I think there is going to be a meatball renaissance. Call it a hunch. In fact, we’re going to launch the campaign now. Let’s #MakeMeatballsGreatAgain.

A lot of people hear the word “meatball” and instantly feel like yawning. Not me. My first thought is “What kind of meatballs?” I have seen how hamburgers have become the latest craze for creativity. What is a meatball but a ground up burger, bun and all? Why shouldn’t it be as trendy as its cousin?

What are breadcrumbs good for?

Hansel and Gretel used them as a way to mark their return route (resourceful but not particularly effective … one smart chipmunk and all that effort is wasted); children and adults alike are entertained by feeding them to birds; and apparently, they aid us as internet users to identify where we are and where we have been on the web.

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But their true purpose for existing? Meatballs.

It is the breadcrumbs and the egg(s) that hold the meat together and give them their texture. I don’t think I’m revealing anything to anyone with this statement. What I do hope to make clear is something I just learned while making the Cuban Meatballs for my post earlier this week.

I try to always have breadcrumbs in my freezer. They are usually homemade from bread that has gone a bit stale, leftover garlic bread, or the heels of a loaf that no one wants to eat. Sometimes, I buy bread crumbs for a recipe if I don’t have any homemade on hand and then I freeze what I don’t use to keep them fresh.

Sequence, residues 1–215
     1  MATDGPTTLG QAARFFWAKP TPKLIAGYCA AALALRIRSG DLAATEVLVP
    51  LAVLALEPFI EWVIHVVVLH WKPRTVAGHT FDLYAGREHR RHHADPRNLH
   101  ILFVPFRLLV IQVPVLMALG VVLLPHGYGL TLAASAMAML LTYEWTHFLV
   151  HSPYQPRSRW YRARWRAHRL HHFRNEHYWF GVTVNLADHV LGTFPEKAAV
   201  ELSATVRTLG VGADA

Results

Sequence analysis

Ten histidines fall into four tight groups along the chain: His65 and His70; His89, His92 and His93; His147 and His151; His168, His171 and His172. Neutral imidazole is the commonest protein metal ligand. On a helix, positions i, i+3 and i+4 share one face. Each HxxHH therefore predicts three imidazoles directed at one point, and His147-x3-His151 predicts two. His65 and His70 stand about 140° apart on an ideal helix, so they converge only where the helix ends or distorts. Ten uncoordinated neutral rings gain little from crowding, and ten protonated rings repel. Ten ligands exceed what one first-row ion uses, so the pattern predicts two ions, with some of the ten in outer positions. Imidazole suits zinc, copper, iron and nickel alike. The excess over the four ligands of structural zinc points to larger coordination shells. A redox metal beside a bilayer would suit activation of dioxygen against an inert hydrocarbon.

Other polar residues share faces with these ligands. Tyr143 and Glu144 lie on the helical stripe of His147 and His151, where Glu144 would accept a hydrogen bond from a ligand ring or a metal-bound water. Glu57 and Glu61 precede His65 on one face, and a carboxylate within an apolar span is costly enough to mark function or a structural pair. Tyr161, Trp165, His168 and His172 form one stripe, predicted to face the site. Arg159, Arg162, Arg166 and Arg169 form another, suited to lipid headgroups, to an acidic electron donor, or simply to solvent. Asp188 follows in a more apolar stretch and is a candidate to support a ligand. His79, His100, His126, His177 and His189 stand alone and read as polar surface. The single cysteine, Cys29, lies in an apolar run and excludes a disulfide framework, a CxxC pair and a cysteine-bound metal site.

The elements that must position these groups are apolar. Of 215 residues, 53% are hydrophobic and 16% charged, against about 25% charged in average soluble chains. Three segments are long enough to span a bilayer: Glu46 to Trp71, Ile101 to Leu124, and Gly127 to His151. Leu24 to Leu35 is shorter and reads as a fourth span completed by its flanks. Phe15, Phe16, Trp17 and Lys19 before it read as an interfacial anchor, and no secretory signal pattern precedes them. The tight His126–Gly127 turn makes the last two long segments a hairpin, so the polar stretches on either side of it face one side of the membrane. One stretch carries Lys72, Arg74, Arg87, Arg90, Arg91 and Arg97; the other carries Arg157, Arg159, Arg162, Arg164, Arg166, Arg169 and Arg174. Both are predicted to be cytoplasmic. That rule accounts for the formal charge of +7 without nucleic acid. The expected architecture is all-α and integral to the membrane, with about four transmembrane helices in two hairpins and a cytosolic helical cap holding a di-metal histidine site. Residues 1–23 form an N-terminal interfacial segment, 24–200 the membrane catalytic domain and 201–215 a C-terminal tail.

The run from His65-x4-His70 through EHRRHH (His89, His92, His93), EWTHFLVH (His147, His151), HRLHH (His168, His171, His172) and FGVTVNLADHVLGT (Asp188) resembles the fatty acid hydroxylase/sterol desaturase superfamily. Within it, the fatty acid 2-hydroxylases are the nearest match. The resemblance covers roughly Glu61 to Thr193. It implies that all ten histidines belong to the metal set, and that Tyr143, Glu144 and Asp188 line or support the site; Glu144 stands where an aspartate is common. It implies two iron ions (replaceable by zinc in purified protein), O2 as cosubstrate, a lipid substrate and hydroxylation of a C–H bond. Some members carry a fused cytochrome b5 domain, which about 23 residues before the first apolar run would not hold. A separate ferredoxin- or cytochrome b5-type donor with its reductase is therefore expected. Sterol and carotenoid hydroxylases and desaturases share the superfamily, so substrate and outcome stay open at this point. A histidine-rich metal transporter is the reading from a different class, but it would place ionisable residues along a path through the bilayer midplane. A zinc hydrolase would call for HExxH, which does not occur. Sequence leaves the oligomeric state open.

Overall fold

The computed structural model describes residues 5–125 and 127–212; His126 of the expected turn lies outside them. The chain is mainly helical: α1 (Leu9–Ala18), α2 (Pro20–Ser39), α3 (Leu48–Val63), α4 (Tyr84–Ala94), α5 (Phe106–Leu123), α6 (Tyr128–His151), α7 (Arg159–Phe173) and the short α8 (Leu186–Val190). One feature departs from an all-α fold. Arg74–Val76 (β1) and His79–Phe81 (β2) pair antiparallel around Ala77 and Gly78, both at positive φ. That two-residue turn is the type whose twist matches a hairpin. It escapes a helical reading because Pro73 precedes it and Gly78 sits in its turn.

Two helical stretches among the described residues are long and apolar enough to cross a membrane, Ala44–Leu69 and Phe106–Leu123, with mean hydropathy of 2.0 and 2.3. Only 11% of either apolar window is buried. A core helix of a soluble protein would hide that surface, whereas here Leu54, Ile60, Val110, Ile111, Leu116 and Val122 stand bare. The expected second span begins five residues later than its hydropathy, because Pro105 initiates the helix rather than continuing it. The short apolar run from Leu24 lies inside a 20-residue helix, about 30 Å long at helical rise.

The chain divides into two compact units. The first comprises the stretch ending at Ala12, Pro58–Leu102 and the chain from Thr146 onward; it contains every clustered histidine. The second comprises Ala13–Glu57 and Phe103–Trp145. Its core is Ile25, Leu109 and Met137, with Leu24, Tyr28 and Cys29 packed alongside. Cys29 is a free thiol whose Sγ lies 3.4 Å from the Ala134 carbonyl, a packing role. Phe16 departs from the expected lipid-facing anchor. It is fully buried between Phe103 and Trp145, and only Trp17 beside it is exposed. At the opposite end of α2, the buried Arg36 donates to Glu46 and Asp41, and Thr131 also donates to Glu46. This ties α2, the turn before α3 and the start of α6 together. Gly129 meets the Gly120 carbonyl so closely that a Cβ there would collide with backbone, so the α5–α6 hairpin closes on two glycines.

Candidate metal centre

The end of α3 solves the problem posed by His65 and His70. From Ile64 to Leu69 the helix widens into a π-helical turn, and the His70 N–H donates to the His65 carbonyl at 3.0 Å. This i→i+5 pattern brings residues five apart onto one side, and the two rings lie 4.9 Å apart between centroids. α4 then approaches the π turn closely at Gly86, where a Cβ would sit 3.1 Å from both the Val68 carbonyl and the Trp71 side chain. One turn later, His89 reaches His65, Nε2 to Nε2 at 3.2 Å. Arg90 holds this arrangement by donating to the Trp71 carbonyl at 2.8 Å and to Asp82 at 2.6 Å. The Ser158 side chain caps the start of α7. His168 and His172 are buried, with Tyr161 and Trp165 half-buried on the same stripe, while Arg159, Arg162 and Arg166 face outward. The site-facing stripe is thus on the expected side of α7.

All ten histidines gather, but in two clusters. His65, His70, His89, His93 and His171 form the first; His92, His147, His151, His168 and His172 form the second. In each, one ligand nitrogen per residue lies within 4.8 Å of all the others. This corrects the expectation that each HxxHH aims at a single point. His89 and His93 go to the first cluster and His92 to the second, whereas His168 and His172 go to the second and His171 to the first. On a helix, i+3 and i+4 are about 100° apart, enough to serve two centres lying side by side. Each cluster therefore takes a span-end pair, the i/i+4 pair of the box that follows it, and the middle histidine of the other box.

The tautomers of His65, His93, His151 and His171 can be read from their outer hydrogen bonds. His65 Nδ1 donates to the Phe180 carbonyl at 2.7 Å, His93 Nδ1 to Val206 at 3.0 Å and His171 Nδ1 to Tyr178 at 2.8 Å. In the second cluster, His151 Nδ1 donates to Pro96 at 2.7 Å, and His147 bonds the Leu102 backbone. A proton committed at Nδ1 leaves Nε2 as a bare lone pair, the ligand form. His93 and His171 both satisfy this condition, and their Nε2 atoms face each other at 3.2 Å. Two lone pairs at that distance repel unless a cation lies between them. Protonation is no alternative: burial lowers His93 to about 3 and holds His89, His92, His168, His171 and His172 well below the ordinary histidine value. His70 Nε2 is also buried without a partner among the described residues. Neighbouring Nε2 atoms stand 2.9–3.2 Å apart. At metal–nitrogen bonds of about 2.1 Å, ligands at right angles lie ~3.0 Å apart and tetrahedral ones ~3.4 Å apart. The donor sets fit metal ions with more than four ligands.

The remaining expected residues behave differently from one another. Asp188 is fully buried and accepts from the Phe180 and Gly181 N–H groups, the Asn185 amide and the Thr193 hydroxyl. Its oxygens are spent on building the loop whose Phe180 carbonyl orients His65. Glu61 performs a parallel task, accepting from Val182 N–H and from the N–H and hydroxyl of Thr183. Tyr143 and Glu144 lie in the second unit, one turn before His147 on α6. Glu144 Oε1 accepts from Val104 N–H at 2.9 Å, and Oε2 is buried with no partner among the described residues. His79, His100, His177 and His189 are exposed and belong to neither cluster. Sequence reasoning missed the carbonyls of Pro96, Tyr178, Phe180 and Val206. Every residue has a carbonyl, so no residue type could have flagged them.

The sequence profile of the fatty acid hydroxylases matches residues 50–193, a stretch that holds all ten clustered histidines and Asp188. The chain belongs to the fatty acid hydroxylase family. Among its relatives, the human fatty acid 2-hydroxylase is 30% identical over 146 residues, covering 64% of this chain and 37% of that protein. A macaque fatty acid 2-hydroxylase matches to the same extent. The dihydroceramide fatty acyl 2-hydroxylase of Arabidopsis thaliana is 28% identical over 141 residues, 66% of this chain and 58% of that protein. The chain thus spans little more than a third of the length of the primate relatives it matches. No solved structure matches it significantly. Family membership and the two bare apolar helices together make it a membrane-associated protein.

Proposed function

As I opened the container of breadcrumbs I had purchased at the grocery store, I saw that I had picked one that was labeled “fine”. They weren’t the flaky type I usually use but had more of a granular texture. No big deal. They are breadcrumbs. I measured them out, made the meatballs and they were delicious. But, they were much more dense than usual.

Written this way, I realize it sounds obvious and you might be rolling your eyes and thinking “great discovery, Einstein”. It’s not like I was trying to write a blog on this subject. I just didn’t realize how big of a difference the texture of the breadcrumbs would make on the texture and size of the meatballs. Using the more dense crumbs, means more will fit in the measuring cup and take leave less room in the meat mixture for “air”.

The point of this is not that one type of breadcrumb is better than another. The point is you can change the texture of the meatball by the type of breadcrumb you use.

FOOD TIP: If you like a denser meatball, use a more powdery, fine breadcrumb. For a lighter, softer meatball, use a flaky-style breadcrumb like Panko or make your own.

Tear leftover bread pieces into cubes and place on a baking sheet. Place the baking sheet on the cupboard and allow the bread to dry out for 2-3 hours. Place cubes in a food processor (do this in batches rather than overcrowding the bowl) and pulse until the cubes are evenly sized crumbs. Store in a Ziploc baggie or airtight container in the freezer. If you want to season the breadcrumbs, add seasonings to food processor right before pulsing.

Closing Thought: Is it any wonder that in this technology-driven era, the foodie culture is also booming? Do you suppose it has anything to do with the use of words like:


That darn subliminal messaging … now I’m hungry for cookies …

and apples …

funny … still not hungry for SPAM.

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